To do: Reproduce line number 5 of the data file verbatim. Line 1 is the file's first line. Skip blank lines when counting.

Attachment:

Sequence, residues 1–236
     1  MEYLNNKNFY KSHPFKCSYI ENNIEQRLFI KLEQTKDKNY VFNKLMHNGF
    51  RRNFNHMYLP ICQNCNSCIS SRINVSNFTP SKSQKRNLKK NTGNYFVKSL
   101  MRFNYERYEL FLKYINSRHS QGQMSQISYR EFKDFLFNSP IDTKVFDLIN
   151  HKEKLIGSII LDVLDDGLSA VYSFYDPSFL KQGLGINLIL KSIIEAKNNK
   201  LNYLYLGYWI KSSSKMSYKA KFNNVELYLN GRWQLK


   151  HKEKLIGSII LDVLDDGLSA VYSFYDPSFL KQGLGINLIL KSIIEAKNNK